There is a deep power in the gentleness at the heart of our religious traditions. We can have major ambitions and still be gentle as to what this means at the local level.
Every person in the training room had a story about how the Y, Habitat, Catholic Charities, or a faith community shaped them as a person – that is how foundational these institutions are to the fabric of the nation. I bet you have one too. The first time I participated in a Habitat for Humanity Build was as a teenager at a Women’s Build with my mom and sister in Green Bay, WI. I felt so strong and powerful, working alongside these women I didn’t know, but felt deeply connected to by virtue of our showing up together. People I loved and total strangers together. We were contributing a little something to a home for someone who did not have one, receiving the gift of being of service to another. After that building, I returned to my home with the fervor of an enthusiastic novice. I tried to build a tree fort in the backyard and got halfway to completing it. I would climb around the roof of our two-story house inspecting tiles, to my parents’ chagrin. I kept all my enthusiasm but without the guidance and expertise of the skilled builders on our Habitat site. In the end, my half tree fort was an eyesore and a health hazard. But my civic spirit was full.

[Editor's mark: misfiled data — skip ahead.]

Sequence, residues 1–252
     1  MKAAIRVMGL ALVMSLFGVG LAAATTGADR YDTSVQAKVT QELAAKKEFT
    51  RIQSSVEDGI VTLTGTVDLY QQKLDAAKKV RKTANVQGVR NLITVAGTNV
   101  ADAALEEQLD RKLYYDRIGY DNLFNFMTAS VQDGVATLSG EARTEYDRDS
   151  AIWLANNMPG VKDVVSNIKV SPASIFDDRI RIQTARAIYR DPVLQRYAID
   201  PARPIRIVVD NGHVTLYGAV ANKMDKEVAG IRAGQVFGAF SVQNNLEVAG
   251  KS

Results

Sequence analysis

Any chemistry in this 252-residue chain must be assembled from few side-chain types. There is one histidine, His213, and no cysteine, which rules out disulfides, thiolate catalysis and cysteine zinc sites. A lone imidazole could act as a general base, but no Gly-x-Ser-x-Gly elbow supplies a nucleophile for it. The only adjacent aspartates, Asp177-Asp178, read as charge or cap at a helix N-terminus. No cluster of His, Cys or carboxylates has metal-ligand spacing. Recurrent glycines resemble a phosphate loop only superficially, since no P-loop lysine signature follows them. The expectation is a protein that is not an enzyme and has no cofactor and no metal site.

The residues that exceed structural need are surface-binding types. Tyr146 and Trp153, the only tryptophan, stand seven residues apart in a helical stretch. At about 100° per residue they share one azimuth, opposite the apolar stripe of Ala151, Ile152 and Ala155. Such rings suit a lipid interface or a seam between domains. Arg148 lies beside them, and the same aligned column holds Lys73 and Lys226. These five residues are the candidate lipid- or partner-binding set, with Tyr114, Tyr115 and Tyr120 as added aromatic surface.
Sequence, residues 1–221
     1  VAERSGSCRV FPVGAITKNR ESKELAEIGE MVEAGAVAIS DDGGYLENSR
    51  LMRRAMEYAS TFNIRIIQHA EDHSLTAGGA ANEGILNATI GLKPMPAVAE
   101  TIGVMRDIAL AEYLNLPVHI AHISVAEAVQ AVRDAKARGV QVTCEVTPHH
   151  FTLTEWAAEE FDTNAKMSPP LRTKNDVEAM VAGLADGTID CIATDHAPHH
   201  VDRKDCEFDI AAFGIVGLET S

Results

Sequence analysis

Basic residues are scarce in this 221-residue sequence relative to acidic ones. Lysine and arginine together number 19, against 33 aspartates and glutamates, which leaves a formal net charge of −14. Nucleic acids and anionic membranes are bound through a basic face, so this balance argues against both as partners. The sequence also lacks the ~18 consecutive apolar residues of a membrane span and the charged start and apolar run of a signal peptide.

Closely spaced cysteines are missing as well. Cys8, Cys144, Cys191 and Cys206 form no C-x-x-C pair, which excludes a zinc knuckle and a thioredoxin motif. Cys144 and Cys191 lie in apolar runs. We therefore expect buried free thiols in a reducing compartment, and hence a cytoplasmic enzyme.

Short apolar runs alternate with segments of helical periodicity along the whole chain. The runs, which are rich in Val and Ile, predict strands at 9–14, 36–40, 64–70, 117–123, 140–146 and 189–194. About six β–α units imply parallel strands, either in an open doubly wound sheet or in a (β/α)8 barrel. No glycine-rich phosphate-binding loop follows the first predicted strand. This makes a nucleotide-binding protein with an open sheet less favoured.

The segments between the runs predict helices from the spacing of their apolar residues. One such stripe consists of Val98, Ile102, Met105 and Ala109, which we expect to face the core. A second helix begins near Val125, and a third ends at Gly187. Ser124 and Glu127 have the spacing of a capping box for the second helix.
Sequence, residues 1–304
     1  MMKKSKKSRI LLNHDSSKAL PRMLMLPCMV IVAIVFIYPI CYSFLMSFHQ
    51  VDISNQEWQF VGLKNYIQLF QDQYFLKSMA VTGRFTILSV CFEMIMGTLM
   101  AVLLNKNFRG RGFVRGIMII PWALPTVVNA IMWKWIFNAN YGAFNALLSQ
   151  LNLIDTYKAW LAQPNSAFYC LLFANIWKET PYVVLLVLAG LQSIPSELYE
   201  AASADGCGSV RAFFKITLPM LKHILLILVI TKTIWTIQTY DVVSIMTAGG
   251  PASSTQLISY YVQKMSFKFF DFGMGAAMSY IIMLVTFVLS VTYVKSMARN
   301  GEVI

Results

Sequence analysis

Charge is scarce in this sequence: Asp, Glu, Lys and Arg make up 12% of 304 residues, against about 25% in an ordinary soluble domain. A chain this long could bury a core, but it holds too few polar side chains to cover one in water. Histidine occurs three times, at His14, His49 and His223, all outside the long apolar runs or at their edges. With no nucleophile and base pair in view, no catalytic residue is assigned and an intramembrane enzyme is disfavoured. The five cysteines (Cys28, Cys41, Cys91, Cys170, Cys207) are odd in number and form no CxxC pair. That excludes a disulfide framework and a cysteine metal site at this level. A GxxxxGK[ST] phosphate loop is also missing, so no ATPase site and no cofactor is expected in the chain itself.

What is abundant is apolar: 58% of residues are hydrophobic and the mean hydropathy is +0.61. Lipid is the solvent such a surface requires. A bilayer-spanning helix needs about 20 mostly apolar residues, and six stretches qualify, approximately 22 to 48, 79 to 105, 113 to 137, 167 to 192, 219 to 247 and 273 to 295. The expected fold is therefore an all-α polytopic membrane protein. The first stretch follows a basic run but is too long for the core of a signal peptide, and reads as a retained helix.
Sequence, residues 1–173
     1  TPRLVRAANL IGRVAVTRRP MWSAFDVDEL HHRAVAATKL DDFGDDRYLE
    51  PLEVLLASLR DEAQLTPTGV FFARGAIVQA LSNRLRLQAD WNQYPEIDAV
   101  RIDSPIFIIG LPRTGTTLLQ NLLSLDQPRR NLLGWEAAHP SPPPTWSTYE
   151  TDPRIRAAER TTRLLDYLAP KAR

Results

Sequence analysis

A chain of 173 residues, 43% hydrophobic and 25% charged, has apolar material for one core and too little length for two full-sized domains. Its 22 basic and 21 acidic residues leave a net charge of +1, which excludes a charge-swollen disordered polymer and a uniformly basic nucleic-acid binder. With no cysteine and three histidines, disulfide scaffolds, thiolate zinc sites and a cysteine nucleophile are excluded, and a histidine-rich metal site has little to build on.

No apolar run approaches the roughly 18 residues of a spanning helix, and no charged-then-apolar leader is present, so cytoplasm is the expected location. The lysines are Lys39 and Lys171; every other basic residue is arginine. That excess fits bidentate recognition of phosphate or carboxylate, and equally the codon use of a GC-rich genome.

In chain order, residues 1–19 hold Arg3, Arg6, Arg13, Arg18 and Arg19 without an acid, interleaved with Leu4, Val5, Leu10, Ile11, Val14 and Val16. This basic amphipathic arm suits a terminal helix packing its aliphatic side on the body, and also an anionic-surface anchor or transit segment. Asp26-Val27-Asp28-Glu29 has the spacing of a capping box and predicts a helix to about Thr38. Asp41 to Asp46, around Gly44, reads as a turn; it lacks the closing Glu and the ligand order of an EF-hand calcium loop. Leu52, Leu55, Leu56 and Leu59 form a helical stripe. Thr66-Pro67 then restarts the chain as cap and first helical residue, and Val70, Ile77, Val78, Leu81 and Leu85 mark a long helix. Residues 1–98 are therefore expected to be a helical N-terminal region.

One of the brilliant design features of this Team Up partnership is that leaders at local Catholic Charities, Habitat for Humanity, and YMCA sites have opportunities to apply bridge-building skills every day. This inaugural Team Up cohort has financial resources, ongoing support from their national agencies, and a cohort of 30 site leaders for support and community as they lead their programs. Jonathan Reckford shared in the training’s closing panel that research shows most people show up to volunteer because someone invited them. So here is your invitation. Find a way to Team Up with others to address a need in your community, and to build a relationship where there wasn’t one before.